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Legal highs and sports celebrities
22 Feb 2013
Misbehaviour by sports celebrities, including legal and illegal drug taking, is part of a wider issue which links the many and frequent media stories about sport recently, says a Charles Sturt University (CSU) expert on sport media and law.
Professor Steve Redhead, adjunct professor of sport and media at the CSU School of Human Movement Studies in Bathurst, said, “The latest sports scandal to hit the airwaves is the revelation about the behaviour of some members of the Australian men’s swimming team at the 2012 London Olympics.
“A report has revealed a series of problems, including the misuse of prescription drugs by team members and inappropriate ‘laddish’ behaviour which have been linked to the poor performance of the swimming team compared with past Australian dominance in the pool.”
According to reports in the media, one of the aspects of team bonding gone wrong in a Manchester hotel just prior to the 2012 Olympics was the ‘legal highs’ indulged in by the members of the Australian male 4 x 100 metre swimming event. The allegations are that a potent mix of ‘pills to slow you down’ combined with energy drinks amounted to a lethal cocktail. All that the swimmers have so far admitted to is sharing the prescribed tablets (brand name Stilnox) which had been legally given to two of their number before the Australian Olympic Committee introduced a pre-Olympic Games ban. They have admitted doing so knowing the ban was in operation.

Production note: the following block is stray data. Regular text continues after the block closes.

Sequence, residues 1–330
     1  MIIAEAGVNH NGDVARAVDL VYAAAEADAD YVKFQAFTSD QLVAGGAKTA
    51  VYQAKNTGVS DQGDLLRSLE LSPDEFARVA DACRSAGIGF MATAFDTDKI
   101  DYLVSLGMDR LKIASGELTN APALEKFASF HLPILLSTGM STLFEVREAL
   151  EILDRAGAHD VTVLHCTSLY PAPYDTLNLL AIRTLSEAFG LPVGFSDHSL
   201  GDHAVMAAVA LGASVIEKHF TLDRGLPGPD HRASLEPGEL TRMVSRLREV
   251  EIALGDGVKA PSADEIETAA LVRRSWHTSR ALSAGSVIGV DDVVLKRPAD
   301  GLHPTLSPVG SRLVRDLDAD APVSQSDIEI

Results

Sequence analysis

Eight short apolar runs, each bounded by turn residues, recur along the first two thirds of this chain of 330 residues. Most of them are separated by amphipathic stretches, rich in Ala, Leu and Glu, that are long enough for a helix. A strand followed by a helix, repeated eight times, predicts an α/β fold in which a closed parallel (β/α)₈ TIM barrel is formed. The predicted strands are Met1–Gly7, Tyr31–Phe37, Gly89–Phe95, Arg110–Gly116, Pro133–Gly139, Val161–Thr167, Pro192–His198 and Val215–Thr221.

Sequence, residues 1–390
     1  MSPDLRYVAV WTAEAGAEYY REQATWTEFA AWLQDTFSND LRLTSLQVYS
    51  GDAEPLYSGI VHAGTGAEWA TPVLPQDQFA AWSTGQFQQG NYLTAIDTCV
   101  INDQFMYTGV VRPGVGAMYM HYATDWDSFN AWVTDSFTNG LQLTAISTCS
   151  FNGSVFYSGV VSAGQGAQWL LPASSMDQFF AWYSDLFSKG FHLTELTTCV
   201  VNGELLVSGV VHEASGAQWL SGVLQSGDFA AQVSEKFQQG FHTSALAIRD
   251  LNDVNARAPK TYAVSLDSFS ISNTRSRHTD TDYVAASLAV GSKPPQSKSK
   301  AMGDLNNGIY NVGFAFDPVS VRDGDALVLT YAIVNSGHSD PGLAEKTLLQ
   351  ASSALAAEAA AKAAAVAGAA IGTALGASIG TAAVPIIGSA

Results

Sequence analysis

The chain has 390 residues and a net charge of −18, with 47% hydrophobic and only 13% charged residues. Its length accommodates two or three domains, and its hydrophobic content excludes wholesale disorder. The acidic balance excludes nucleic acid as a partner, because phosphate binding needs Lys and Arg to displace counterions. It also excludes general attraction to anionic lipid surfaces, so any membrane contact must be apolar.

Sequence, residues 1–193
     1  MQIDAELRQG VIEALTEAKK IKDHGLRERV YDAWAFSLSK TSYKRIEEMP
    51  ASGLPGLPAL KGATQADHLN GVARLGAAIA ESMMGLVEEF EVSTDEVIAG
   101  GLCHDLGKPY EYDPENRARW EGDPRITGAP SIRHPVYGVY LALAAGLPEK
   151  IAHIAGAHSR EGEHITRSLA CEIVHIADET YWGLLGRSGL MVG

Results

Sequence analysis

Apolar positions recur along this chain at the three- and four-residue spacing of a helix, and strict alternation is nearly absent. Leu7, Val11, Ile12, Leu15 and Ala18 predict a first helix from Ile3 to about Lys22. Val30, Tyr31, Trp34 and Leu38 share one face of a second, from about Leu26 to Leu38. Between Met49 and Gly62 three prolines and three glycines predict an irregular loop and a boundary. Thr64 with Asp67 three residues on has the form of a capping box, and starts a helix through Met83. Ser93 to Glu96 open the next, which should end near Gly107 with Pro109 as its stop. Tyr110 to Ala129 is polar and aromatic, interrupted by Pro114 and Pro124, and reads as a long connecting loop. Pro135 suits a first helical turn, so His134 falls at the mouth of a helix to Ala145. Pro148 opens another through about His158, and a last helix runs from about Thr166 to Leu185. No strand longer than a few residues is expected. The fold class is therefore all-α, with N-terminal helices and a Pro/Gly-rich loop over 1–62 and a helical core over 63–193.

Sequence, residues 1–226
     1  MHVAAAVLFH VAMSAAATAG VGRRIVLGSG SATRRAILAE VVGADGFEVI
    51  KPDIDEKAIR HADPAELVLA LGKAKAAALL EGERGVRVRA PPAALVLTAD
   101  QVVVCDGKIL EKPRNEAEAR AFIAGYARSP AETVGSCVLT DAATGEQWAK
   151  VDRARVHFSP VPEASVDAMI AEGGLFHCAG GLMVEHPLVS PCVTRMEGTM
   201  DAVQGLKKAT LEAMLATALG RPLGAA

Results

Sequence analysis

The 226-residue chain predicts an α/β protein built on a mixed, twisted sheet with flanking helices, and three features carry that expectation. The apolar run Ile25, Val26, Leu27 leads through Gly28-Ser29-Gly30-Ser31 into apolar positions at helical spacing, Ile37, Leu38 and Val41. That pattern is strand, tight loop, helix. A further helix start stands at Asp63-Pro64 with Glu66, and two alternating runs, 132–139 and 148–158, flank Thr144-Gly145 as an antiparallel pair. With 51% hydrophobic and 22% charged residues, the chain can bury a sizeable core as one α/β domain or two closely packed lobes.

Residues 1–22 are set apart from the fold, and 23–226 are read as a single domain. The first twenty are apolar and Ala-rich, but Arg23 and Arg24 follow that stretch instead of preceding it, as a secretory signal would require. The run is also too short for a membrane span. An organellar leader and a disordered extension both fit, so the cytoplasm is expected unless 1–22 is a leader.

“These indulgences are frequently not accidental,” Professor Redhead said. “The effects of the various legal substances mixed together to produce dynamic effects more akin to those of illicit drugs are part of widespread knowledge and experience within the generational subculture.
“Legal highs are an integral part of international youth culture today, not just in Australia, and mark out a new terrain for the debates over regulation of drugs in sport and popular culture. Unlike what went on in the lives of previous generations, the practices are legal and do not involve contacting dealers and the drug underworld to get high.
“However, these legal mixes can be banned by governing bodies - something Australian swimming had already acted on before the Olympics - so team members could face disciplinary action for their hedonistic activities.
“In many ways we have compressed the career of sports stars, such that there is in evidence a hyper-desperation to make one’s mark in the limelight through individual or team-based sporting prowess as quickly as possible, often with a view to subsequent commercial gain; as swimming role models like Ian Thorpe have demonstrated, this can be extremely lucrative. But as the old adage goes, ‘be careful what you wish for’.
Media Note: Contact CSU Media to arrange interviews with Professor Steve Redhead or phone him directly on 0408 421 259.
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